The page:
Phil Franckel Dec 2015

Why I didn’t see a motorcycle when making a left turn!

My worst nightmare could’ve become a reality. I was always careful to watch for motorcycles on the road ever since I got my license. As an attorney representing motorcyclists, I certainly don’t want to injure a motorcyclist.
Only two blocks from my house, I was stopped at a T intersection waiting to make a left turn. Because it is a T intersection, I only had to worry about traffic coming from my left and traffic coming from my right. Obviously, there could be no traffic coming in the opposite direction which made it easier to make the turn.
I was looking to my left, waiting for the traffic to clear. Once the traffic was clear, I looked again to my right and it appeared to be clear of traffic. I just barely started to go, moving probably only two feet forward, when I suddenly saw a motorcycle and immediately braked.
I was never really close to hitting the motorcyclist. However, had I not stopped I would have hit the motorcycle. The drivers in most of the cases we have, never saw the motorcycle until it was too late to stop.
I am fairly knowledgeable about why drivers don’t see motorcycles but for the first time, I actually experienced what we try to prove in most motorcycle accident cases. That the driver never saw the motorcycle and why.
In my situation, it was exactly what I have previously written about. Because the motorcycle is smaller than a car, it was less noticeable. Because the motorcycle and rider were a mix of colors, they disappeared into the background so I didn’t see the motorcycle and rider until they were almost upon me.
It was a fast bike and was probably going 25-30 mph without accelerating so it did not make any noise. If it was a Harley, I probably would have heard it. As a driver, I like loud motorcycles although I am aware of the safety arguments against loud motorcycles.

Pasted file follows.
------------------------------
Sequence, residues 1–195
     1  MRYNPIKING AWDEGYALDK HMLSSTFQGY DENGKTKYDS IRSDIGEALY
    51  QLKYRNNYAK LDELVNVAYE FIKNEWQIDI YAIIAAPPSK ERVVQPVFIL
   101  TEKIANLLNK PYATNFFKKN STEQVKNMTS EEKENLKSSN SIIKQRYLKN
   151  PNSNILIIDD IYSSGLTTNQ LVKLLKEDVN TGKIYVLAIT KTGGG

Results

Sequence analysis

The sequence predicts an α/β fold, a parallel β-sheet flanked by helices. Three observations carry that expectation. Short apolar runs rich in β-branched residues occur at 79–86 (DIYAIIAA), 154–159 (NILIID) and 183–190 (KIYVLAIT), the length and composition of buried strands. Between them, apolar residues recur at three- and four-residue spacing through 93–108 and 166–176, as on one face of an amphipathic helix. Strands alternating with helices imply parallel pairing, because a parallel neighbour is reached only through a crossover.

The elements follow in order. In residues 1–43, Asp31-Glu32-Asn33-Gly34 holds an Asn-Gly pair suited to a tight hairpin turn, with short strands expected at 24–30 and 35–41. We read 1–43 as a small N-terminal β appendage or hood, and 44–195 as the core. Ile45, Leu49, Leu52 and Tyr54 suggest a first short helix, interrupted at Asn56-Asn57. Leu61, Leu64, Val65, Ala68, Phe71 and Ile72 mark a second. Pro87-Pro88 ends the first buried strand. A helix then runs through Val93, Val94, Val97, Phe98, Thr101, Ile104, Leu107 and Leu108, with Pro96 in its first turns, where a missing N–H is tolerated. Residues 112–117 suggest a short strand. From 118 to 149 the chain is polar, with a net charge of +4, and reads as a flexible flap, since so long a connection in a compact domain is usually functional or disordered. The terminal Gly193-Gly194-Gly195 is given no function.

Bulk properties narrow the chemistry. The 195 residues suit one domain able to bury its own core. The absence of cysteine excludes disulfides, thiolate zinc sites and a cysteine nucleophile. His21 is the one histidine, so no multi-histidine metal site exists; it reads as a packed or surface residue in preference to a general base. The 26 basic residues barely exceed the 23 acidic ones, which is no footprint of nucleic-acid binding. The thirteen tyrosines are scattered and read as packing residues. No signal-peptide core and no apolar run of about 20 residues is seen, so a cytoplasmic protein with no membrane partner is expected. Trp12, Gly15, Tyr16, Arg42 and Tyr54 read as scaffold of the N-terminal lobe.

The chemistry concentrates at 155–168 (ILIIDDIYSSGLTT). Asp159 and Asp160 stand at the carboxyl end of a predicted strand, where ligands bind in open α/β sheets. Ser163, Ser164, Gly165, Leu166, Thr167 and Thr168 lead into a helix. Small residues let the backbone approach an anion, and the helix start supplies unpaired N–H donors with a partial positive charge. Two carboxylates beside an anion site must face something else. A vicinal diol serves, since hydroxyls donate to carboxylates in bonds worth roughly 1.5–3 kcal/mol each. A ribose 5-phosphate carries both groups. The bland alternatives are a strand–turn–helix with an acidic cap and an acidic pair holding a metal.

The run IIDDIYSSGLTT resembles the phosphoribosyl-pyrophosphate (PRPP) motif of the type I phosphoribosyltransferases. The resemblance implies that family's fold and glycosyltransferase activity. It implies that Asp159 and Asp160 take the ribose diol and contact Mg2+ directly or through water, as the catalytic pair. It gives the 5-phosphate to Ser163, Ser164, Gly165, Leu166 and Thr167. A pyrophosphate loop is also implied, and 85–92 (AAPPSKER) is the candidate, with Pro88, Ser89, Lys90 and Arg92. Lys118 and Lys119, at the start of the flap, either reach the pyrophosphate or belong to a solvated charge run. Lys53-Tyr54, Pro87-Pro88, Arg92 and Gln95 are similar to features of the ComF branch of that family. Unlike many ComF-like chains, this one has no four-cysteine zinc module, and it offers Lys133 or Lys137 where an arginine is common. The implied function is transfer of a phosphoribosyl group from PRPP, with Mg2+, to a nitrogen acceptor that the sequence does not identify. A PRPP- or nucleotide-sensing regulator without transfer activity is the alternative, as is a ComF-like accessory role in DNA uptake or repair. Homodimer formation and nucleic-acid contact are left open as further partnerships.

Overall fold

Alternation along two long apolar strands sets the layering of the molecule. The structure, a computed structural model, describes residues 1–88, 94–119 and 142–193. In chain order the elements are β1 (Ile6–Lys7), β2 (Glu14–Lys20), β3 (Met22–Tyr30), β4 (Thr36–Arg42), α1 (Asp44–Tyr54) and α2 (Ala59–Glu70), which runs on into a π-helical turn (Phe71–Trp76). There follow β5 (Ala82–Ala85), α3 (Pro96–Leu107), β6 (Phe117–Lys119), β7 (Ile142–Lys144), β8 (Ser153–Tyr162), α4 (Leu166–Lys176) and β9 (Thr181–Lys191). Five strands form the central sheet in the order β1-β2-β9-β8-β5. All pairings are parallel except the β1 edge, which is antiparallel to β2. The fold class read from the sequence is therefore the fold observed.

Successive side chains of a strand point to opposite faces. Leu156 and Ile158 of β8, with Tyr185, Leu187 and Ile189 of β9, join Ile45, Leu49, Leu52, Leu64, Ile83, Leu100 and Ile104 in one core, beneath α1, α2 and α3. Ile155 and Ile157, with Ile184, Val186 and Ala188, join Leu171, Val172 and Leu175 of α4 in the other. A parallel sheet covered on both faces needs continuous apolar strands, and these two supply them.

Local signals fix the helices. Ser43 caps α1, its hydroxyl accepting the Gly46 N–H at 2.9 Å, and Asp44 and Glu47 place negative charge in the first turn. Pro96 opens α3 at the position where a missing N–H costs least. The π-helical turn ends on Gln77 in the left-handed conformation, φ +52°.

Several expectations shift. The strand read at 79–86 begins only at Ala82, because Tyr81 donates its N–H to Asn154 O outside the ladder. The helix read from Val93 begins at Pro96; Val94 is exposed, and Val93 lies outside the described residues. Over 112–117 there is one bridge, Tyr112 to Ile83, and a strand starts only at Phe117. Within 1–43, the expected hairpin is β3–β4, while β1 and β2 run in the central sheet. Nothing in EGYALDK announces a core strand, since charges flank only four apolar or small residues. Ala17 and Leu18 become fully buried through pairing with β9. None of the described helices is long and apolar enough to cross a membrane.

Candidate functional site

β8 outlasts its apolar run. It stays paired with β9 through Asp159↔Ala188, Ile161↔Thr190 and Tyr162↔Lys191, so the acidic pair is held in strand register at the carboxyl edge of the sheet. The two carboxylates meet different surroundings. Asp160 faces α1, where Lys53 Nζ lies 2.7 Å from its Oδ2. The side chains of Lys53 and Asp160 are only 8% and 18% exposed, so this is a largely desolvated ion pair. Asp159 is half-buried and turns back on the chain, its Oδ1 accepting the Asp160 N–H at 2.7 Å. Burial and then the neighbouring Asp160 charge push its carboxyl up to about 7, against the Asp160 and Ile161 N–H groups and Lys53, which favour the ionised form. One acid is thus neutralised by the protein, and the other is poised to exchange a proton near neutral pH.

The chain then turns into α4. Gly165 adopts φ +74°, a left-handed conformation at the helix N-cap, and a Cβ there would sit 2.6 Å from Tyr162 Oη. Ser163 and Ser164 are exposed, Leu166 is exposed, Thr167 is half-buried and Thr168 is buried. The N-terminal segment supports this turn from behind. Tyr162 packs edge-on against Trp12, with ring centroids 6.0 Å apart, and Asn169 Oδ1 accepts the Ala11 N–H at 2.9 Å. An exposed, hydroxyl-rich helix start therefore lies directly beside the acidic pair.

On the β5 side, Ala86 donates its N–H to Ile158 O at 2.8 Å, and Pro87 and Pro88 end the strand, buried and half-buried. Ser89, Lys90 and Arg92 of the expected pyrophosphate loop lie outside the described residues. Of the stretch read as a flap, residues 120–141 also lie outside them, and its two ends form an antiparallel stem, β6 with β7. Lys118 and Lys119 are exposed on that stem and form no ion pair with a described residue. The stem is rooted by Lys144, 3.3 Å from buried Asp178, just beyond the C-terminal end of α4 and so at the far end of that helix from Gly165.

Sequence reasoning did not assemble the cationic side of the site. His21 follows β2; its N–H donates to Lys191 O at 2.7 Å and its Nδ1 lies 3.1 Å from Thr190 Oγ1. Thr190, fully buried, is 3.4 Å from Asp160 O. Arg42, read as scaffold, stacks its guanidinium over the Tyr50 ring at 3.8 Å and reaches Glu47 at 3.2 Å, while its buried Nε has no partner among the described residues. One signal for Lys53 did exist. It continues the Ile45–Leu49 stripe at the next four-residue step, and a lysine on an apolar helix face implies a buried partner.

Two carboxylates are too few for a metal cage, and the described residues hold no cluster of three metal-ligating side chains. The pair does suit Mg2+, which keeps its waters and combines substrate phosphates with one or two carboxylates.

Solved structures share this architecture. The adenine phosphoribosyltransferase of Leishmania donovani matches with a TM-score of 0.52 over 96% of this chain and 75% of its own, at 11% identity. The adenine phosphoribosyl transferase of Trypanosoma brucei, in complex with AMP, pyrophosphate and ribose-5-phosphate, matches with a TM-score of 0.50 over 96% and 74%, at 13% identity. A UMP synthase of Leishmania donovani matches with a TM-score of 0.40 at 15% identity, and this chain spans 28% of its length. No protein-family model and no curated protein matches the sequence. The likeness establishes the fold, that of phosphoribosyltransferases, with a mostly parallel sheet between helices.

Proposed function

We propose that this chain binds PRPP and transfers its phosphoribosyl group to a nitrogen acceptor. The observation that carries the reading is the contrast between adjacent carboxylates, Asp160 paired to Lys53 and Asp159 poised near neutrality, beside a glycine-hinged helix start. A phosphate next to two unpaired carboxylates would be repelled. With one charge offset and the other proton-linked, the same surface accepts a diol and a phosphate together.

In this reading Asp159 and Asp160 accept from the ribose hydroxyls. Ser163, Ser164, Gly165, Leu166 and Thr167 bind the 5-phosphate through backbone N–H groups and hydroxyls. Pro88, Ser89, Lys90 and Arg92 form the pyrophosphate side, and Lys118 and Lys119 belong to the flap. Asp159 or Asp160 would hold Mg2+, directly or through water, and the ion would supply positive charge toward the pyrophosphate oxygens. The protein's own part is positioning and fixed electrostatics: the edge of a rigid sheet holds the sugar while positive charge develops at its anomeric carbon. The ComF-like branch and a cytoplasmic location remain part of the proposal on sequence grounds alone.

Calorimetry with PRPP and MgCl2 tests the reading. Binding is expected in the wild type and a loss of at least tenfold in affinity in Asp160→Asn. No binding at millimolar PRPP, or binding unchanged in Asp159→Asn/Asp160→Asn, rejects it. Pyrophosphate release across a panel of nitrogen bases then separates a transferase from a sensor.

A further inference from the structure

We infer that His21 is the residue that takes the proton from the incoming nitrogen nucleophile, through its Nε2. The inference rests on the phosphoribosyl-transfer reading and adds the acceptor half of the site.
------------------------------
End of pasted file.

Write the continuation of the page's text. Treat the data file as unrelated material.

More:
The fact that motorcycles appear to be further away than they appear was not a factor in my situation. I simply did not see the motorcycle at all until it was approximately 50-75 feet away.
If I continued forward and the motorcyclist was traveling at 35 mph, the motorcycle would have struck my car. At 30 mph, the motorcyclist might have been able to avoid the accident. Including reaction and braking time, the motorcyclist would have needed 66.15 feet without ABS or 61.90 feet with ABS to stop the motorcycle.
Fortunately, for the motorcyclist, I am always careful to watch for motorcycles and I had sufficient time to stop my car. But this shows how easy it is for other drivers who aren’t so careful to look for motorcycles.
Since most drivers don’t ride and aren’t lawyers representing motorcyclists, you’ll have to continue assuming that drivers won’t see you, at least until every car has a collision avoidance system to prevent accidents with motorcycles.
If you’re involved in an accident, call us immediately for a free consultation.
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Philip L. Frankel Esq. and Rob Plevy, Esq. are attorneys with FRANCKEL & PLEVY, LLP representing people hurt in motorcycle and other accidents. Disclaimer: This article should be considered advertising to represent people HURT in an accident; is for informational purposes and should not be relied upon because it could contain errors; the correct information may be different for your set of facts even though they seem similar; and is not legal advice which should only be obtained by contacting Phil Franckel, Esq. or Rob Plevy, Esq. for a free consultation to discuss your specific circumstances at 1-800-HURT-911.
See our web sites, and If you have been hurt in a motorcycle accident, speak directly to Phil Franckel 24/7 at 1-800-HURT-911 — 1-800-487-8911.

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